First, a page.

A father details the torment his tween daughter’s bully inflicts on his family, plus, why he never confronted her…


To my daughter’s bully,

Imagine watching someone you love, perhaps your brother or sister, coming home crying and suffering because someone was really mean to them in school. Not only with really harsh words, but also doing mean things to them. Then imagine this happening every day. What would you say to her when she comes back crying and saying to you: Why me? Why am I bullied?

What kind of questions would come to your mind? Wouldn’t you ask yourself…

- What kind of person would bully someone else?

- Why would that bully do these nasty things?

- How would you feel towards the bully ― Anger? Hatred?

- Why shouldn’t you confront the bully and make him stop all the abuse?

This is how I’ve felt whenever you’ve bullied my now 16-year-old daughter these past eight years. You need to know that what you do not only impacts one person but also their entire family. More importantly, your bullying affects you more than any other person.

I explained that life is like a boomerang — if you are nice to others, others will be nice to you and if you are nasty to people, don’t expect others to be nice to you.

One thing I consistently ask my daughter whenever you bully her is “Who is the REAL loser? You or your bully?” The real loser is YOU, the bully. I tell her that the best ‘revenge’ is to live a good life. I explained that life is like a boomerang — if you are nice to others, others will be nice to you and if you are nasty to people, don’t expect others to be nice to you. I don’t mean to call you a loser, but I need to let my daughter know that it’s not her fault.

As difficult as it was, I brought up another topic — forgiveness. I asked my child if she can forgive you for all the things you’ve done to her. I vividly recall her reply to me: “Daddy, it’s very difficult. She did a lot of nasty things to me.” And who can blame her? If you are the one being bullied, would you be able to forgive the other person if she bullied you the same way you’ve bullied my daughter? I am sure you will find it next to impossible to find forgiveness as well.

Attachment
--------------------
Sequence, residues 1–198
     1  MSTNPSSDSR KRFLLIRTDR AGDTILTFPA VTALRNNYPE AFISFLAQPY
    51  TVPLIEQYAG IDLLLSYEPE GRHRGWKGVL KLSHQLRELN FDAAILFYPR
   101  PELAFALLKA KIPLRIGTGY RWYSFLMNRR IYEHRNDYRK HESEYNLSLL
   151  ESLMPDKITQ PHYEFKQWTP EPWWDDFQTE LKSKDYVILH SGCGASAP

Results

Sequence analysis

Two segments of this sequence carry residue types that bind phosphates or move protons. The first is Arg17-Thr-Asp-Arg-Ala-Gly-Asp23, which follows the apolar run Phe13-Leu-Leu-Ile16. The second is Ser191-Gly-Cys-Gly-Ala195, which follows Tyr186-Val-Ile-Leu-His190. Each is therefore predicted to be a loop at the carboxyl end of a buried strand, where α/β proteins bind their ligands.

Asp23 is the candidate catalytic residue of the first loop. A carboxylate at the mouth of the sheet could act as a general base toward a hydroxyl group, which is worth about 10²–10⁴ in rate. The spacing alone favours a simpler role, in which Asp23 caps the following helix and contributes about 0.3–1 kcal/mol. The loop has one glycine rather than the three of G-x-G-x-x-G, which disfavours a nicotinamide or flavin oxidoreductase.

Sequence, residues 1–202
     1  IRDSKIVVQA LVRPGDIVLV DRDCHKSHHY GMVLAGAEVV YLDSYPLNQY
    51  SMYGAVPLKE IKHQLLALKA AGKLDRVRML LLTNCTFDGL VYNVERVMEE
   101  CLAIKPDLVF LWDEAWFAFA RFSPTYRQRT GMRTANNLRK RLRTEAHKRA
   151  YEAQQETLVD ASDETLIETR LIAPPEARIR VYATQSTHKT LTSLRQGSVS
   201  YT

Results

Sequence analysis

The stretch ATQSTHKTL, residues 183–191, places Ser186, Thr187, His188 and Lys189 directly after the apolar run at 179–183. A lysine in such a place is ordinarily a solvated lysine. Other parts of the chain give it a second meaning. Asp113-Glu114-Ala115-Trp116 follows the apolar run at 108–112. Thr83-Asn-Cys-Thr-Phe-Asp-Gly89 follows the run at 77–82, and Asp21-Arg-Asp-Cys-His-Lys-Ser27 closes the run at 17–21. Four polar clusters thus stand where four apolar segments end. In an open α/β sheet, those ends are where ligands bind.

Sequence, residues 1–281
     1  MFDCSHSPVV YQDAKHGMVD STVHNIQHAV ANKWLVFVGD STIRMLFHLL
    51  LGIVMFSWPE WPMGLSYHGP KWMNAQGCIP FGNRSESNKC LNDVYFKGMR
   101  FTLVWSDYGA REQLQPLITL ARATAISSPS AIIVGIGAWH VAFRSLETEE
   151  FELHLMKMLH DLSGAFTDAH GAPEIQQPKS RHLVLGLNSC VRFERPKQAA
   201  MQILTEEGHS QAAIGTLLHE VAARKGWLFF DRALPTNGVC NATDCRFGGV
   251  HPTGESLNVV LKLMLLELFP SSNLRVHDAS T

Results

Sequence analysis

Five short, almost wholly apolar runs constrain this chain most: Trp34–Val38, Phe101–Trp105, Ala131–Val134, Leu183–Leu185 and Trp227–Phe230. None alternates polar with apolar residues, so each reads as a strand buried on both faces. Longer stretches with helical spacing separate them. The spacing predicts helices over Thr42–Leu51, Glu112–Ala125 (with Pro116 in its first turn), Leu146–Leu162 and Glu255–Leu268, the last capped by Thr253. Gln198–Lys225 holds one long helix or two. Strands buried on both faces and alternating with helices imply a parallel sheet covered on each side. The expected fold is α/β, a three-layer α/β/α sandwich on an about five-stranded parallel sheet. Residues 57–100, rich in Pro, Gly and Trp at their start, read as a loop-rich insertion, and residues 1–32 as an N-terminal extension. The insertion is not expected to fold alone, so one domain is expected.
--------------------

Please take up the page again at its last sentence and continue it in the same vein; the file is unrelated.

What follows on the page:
Here’s why I have never made a request to the school to see you even though I have every right to: My wife and I firmly believe that this is something our daughter must handle on her own. We definitely have the option to step in but we made the conscious decision not to. If we wanted, we could get the support of the school behind us and confront you and your parents to make you stop. However, if we do this now, our daughter might become dependent on us in future to get her out of a difficult situation.

She must learn how to handle bullies now, so that in future when she enters adulthood, she will be able to manage other bullies on her own.

That is the biggest reason why we did not confront you — not because we didn’t care. On the contrary it’s because we care so much about her and want her to grow to become a strong and resilient woman. As much as we would like to protect her, we know that we will not be around forever. We think of it as real-world character building.

What I really want to know is: What is the real reason behind your bullying? I read online that it could be because you have been bullied previously? That your parents haven’t given you the attention you need? Or that bullying is a way for you to deal with the grief from a fallout with a family member or death of a loved one? What I found out online is most bullies don’t understand how wrong their behaviour is and how it makes their victims feel.

Punishing you may not stop your bullying and may even make it worse.

After finding out about you online, I realise the reason you bully is because you are dealing with some issues in your life. Punishing you may not stop your bullying and may even make it worse. What you really need is support or perhaps someone that you can talk to.

You may think that others don’t understand you — perhaps that’s true, but if you do not tell others about your problems, no one will understand you. So, I hope you can find the courage to talk to a teacher or someone that you trust. Talk to them openly about whatever challenges you are facing in your life. Or… you can even talk to me.

I promise I will not get angry. I promise.

Andrew Tan, 47, owner of a video-production company, is father to Alice, 12, and Alicia, 16.


Photos: iStock

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